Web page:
Beginning as a stripped-back guitar track, ‘Petty’ sees Emma address her break up with her first love. As the infectious chorus kicks in, so does a vibrant electro melody which lifts the track. It’s also one of the many tracks on the album filled with a clever and quirky writing style.
“Cause you used to call me pretty ’til you took out the ‘R’
Said “girl you couldn’t be more petty than you already are”,
Are you mad ’cause I wrote songs about you breaking my heart?
Cause boy you used to call me pretty ’til you took out the ‘R’
Armed with a darker electro vibe, ‘Third Eye’ is a mesh of 80’s synth-pop influences and showcases Emma’s voice at its strongest. Lyrically, the song is also one of most impressive, with Emma telling the story of how both her and her enemy are fighting a losing battle. “And tell me how can you break my trust if you never had it? But you’ll do what you must, becoming a habit and on and on repeating, so what do you want from me?”, Emma sings during the angsty chorus. Emma has declared ‘Third Eye’ as her favourite track from the album and it’s definitely one of ours too.
‘What I Felt With You’ takes the form of a ballad where Emma describes a relationship which has ended because the two people have simply grown apart from each other. “There used to be a time when you were my only thought but, I used to call to call you mine, now I don’t think of you at all”, Emma sings as she showcases her breathy vocals.
The album’s penultimate song is ‘Burn The Witch’, and according to Emma it acts as the sister track to ‘Dirt’. The track is the final time that Emma lets out her negativity surrounding the situation, as she prepares to close the chapter, break all ties and move on emotionally. “Roses are red, violets are blue, Lady Karma’s a b*tch and she’s coming for you”, Emma sings over a mid-tempo electro beat as she breaks free and allows karma to do her thing.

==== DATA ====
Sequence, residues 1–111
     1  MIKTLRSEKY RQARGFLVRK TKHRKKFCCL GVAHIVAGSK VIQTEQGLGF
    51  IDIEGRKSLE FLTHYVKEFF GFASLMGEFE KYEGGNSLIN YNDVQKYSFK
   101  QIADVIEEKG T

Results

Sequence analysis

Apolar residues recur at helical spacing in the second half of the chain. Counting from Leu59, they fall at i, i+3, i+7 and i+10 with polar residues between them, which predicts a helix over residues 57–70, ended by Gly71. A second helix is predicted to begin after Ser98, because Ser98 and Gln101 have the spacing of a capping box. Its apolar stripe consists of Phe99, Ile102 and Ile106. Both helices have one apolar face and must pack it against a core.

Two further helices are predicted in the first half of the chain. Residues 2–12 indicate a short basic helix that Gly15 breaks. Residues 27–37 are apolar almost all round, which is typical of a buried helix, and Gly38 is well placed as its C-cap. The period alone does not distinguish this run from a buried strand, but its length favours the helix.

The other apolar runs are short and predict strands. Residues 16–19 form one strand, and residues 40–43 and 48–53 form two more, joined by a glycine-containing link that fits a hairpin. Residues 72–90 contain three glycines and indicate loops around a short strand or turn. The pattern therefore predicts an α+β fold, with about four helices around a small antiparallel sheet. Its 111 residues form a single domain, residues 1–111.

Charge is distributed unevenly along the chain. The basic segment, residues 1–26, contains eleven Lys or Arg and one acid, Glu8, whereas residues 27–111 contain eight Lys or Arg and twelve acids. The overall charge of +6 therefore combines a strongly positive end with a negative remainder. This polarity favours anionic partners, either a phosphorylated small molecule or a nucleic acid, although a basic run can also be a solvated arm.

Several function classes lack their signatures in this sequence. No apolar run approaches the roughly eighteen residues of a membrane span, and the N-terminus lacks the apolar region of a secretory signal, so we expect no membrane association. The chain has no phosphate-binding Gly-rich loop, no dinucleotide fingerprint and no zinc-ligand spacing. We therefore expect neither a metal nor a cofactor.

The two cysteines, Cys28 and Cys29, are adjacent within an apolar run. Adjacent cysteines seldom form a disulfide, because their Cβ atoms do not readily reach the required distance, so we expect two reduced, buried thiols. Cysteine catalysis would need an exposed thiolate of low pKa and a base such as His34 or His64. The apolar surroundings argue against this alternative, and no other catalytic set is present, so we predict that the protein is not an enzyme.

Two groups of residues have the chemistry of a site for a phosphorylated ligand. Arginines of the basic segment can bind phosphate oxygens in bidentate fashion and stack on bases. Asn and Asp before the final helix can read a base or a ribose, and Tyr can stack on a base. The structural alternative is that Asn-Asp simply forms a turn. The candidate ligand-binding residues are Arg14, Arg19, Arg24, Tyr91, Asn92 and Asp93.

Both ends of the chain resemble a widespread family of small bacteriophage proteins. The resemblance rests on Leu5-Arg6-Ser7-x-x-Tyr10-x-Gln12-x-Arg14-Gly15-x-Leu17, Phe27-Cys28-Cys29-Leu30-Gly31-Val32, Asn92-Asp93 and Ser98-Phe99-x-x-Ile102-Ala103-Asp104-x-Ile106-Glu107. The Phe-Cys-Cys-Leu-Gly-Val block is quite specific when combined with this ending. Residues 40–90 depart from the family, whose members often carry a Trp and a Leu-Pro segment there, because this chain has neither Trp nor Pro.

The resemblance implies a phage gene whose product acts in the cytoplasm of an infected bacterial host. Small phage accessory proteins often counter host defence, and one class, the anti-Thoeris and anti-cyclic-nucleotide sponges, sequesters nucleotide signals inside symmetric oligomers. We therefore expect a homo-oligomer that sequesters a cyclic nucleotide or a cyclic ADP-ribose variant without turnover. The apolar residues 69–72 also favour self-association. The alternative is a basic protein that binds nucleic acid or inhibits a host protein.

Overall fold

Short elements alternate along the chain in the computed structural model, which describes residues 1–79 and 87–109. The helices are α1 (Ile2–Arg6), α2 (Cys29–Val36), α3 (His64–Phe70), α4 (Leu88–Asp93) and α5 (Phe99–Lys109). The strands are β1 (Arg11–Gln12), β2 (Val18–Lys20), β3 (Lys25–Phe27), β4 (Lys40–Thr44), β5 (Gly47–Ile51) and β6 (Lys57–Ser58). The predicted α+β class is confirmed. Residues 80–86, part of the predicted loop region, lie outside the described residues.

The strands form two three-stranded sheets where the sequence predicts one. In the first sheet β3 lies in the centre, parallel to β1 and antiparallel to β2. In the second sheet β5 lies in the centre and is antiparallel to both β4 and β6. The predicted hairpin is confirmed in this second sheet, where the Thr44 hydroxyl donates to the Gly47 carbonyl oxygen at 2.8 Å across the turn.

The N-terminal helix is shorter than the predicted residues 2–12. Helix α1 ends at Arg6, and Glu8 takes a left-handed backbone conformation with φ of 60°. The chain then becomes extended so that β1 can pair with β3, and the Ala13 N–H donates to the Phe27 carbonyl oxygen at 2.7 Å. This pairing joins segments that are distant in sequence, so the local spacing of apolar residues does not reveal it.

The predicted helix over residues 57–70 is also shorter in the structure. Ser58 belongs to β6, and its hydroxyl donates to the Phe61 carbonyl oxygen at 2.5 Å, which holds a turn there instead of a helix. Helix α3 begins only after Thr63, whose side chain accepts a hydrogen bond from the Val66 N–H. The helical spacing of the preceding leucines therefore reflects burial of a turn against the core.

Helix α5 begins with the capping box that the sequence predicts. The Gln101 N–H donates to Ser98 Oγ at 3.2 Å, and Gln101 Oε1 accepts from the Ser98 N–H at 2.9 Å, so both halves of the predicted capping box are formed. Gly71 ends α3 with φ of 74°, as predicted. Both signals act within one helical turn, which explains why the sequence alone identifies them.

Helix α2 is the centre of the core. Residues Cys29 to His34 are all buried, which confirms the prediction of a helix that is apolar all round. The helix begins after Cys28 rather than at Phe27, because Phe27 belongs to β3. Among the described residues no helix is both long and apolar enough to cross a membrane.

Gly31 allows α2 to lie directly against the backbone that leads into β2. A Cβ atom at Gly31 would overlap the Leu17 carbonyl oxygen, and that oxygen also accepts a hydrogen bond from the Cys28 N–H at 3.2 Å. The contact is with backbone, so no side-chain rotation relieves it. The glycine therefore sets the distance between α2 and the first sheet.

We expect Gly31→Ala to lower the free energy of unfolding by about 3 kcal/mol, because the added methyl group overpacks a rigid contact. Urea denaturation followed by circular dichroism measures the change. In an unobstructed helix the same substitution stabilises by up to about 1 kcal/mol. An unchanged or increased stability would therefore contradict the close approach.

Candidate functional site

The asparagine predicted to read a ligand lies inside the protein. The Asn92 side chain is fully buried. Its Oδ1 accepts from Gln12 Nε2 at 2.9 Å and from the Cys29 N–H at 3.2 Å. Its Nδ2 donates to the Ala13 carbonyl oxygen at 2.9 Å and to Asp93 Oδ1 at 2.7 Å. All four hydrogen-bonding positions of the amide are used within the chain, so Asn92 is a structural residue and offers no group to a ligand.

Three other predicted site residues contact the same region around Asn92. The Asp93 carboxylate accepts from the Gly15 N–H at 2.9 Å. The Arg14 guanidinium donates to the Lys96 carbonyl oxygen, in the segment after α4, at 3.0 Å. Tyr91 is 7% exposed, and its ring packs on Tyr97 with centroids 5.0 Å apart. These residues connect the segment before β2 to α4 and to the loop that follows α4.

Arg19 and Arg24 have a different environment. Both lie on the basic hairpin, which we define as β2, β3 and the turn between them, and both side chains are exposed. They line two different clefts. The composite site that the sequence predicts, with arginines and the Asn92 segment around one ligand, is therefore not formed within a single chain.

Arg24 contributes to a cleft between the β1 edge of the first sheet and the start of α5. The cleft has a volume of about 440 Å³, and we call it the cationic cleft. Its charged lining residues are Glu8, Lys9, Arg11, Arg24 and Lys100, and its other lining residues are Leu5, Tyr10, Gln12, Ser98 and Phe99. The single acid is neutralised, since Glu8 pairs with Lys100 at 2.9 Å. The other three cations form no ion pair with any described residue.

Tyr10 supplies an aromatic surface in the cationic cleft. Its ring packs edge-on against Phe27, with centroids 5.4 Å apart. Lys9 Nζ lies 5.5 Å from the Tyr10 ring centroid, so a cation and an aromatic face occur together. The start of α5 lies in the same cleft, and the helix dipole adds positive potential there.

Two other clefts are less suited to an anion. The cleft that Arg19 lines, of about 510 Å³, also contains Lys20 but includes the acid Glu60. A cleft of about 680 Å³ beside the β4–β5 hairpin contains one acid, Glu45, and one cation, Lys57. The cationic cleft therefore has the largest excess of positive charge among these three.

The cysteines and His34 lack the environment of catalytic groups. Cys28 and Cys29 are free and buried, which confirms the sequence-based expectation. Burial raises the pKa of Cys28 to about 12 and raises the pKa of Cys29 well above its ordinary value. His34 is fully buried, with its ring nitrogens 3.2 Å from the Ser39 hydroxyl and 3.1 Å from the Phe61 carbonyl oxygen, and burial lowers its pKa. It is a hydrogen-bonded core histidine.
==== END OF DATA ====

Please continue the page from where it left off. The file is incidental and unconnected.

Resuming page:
The album comes to a close with ‘Villains Pt. 2’, Emma’s most personal song yet. Echoing the dark tone of part one, ‘Villains Pt. 2’ sees the singer-songwriter reflect on the situations which have affected her greatly, before reflecting on her own behaviour throughout. As seen on songs such as ‘Fake Friends’, she is not afraid to acknowledge her own faults but during the final track she blames her problems on her own self-sabotage. “I’m my own biggest villain” she powerfully exclaims. The track builds to an incredible crescendo, with Emma throwing every inch of emotion into the outro.
Villains is a strong debut album from Emma Blackery, which deals with losing friends and losing trust. Whilst there is plenty of sass served throughout the album, Emma also shows how a series of events left her feeling paranoid and unsure of herself, highlighting her vulnerability. The album channels an electro-pop vibe which marks a shift in Emma’s sound, showcasing her maturity and growth as an artist. Armed with clever lyricism and emotion filled vocals, Villains is a cohesive offering with each track perfectly placed to tell a chapter of Emma’s story.
Take a listen to Villains below.